This study proposed the use of the phage display technique to select peptides that interacted with molecules and receptors involved in the interaction of Paracoccidioides spp. with host and in that way, evaluated these selected peptides as candidates for anti-adhesive molecules to be a new alternative therapy against PCM.
Materials and Methods
Two Paracoccidioides isolates were used: Pb18 (P. brasiliensis) and Pl01 (P. lutzii), maintained in vitro in Fava Netto’s medium at 37°C (Fava Netto, 1961). The handle of Paracoccidioides spp. cultures was made in a Class II Biological Safety Cabinet according recommendations of American Type Culture Collection (ATCC) and Brazilian Ministry of Health, Secretariat of Science, Technology and Strategic Inputs (Ministério da Saúde and Estratégicos, 2006).
Phage Display Peptides Libraries X6 and CX8C
Phage libraries were produced using the vector fUSE55 and the methodology developed by George Smith (Smith and Scott, 1993), with modifications to improve the efficiency and the number of final clones (Koivunen et al., 1993; Koivunen et al., 1999). The libraries were produced and provided by Dr. Ricardo José Giordano from the Laboratory of Vascular Biology, University of Sao Paulo (USP) and were X6 (a linear library) and CX8C (a cyclic library; X represents any amino acid, and C = cysteine that allows for cyclical peptides) libraries (Michaloski et al., Submitted).
Selection of Peptides That Bind to P. brasiliensis
The BRASIL (Biopanning and Rapid Analysis of Selective Interactive Ligands) technique (Giordano et al., 2001) was used for the selection of peptides that bind to Paracoccidioides spp. This technique consists of the selection of phages that bind to live cells and the use of a two-phase system to separate the cells and phages in a single centrifugation step. First, 109 transduction units (TU) of each phage display library were separately incubated with Saccharomyces cerevisiae (S288C) (106 cells) in 100 μl of PBS. After 3 h on ice, the suspensions containing the phages and the cells were transferred to the top of a nonmiscible organic lower phase known as BRASIL oil [dibutyl phthalate:cyclohexene (9:1) v/v] and centrifuged (10,000 × g, 10 min, 25°C). After centrifugation, the supernatants containing phages that did not bind to S. cerevisiae were recovered and transferred to a suspension of 106 Pb18 cells. After 3 h on ice, the cell suspensions were again transferred on to BRASIL oil and centrifuged at 10,000 × g for 10 min. The pellets of Pb18 cells that formed at the bottom of the organic phase were collected, and the phages bound to the cells were recovered via infection with log-phase E. coli K91 in LB medium supplemented with kanamycin and tetracycline (100 μg/mL and 20 μg/mL, respectively) and incubated at 37°C, with rotation at 250 rpm, for 20 h. The amplified phages were recovered from the culture medium via precipitation with polyethylene-glycol/NaCl and were used for subsequent rounds of selection (second and third) to further enrich for phages from each library that bound to Pb18 cells.
Paracoccidioides brasiliensis, P. lutzii, and S. cerevisiae cells were incubated with 109 TU of the phage to be tested, as described above. After 2 h of incubation on ice, they were transferred to the top of BRASIL oil as previously described in the item 2.4 and centrifuged (10,000 × g, 10 min, 25°C). The pellet was placed in a new tube, and the phages were recovered via infection with E. coli K91. Serial dilutions were seeded onto LB/Kan/Tet plates to quantify the number of phage bound to each receiver. As a control P. brasiliensis and P. lutzii cells were incubated with 109 of the insertless phage Fd-tet. Three independent experiments were performed.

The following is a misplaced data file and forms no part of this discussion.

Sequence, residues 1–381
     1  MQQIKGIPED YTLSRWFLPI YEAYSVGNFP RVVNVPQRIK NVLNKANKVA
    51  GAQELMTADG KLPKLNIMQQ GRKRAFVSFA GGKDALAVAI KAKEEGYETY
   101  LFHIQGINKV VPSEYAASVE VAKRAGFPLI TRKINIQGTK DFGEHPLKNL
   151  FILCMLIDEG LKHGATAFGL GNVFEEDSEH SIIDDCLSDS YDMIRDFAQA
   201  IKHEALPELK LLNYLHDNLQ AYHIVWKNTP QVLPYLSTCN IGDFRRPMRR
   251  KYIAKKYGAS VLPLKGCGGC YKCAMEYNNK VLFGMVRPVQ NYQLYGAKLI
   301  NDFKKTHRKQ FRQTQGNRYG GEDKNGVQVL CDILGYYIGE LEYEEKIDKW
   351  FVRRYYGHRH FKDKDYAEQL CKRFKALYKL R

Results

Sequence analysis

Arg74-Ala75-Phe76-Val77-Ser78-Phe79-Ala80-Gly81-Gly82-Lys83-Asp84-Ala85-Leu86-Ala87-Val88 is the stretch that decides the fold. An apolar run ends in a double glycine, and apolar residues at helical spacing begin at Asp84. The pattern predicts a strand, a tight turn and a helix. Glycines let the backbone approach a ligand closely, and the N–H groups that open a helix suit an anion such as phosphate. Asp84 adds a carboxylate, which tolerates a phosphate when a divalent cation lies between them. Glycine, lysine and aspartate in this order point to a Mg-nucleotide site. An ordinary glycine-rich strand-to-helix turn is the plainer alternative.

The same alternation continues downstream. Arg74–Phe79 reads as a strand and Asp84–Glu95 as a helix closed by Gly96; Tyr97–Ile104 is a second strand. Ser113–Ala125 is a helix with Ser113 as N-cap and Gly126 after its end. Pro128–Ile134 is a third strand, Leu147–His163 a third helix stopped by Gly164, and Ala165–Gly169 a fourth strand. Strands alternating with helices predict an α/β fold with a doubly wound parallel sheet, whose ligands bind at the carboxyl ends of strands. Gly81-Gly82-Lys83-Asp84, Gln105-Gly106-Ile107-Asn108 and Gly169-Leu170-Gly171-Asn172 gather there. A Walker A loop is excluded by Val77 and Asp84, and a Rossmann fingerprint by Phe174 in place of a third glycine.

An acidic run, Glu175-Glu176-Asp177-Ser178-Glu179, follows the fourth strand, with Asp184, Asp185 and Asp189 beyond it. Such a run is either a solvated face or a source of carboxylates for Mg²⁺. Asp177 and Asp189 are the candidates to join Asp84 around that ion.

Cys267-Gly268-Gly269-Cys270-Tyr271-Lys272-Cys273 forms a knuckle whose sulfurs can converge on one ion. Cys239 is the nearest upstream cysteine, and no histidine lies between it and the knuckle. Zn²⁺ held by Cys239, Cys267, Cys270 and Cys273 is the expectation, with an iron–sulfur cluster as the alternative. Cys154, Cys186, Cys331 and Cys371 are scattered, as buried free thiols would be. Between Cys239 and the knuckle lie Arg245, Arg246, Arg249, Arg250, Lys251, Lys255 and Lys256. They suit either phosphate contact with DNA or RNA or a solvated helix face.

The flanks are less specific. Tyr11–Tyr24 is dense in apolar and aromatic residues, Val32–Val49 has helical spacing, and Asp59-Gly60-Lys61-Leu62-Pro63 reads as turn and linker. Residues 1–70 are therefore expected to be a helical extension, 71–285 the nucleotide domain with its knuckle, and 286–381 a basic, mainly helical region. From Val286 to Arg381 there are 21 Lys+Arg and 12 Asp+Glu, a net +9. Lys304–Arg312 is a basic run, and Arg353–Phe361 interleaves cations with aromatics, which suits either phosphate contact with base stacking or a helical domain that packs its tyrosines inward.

Inhibition of Paracoccidioides spp. Adhesion to Extracellular Matrix (ECM) Components by the Selected Peptides Using Enzyme Linked Immunosorbent Assay (ELISA)
Ninety-six-well plates were separately pre-coated with 10 μg/mL of each tested ECM component (laminin, fibronectin, and type I and type IV collagen) in a 0.05 M carbonate buffer (pH 9.6) at room temperature for 1 h. The plates were then washed with PBS/Tween-20, 0.05% (PBS-T) and blocked with 1% bovine serum albumin (BSA) for 2 h at 37°C. The two Paracoccidioides isolates (Pb18 and Pl01, 106 cells/mL) were incubated with 200 μg/mL of each studied peptide, which were synthesized by the Chinese Peptide Company (China), at 37°C, with rotation at 250 rpm, for 1 h. These inocula were incubated with the ECM components for 15 h at 37°C. The plates were washed with PBS-T, and an anti-cell free Paracoccidioides antibody (1:100 in PBS-T and 0.5% BSA) (Blotta and Camargo, 1993) was added for 1 h at 37°C. Another wash cycle was performed, and a secondary antibody, anti-rabbit IgG-HRP (1:2000 in PBS-T and 0.5% BSA), was added for 1 h at 37°C. The colorimetric reaction was observed by adding a solution of 0.2 M sodium phosphate, 0.1 M citric acid, 0.4 mg/mL o-phenylenediamine, and 30% hydrogen peroxide for 10 min, followed by the addition of 3 M hydrochloric acid. Absorbance was measured at 490 nm and converted to percent inhibition. For this conversion, Paracoccidioides spp. cells without treatment were used as a control, and the absorbance of this control was set as 100% adhesion. The difference in the absorbance in the treated Paracoccidioides spp. cells relative to absorbance in the control was considered the percentage of adhesion inhibition. This experiment was performed in triplicate, with three independent experiments.
Inhibition of Paracoccidioides spp. Adhesion to A549 Pneumocytes Cell Line by the Selected Peptides Using ELISA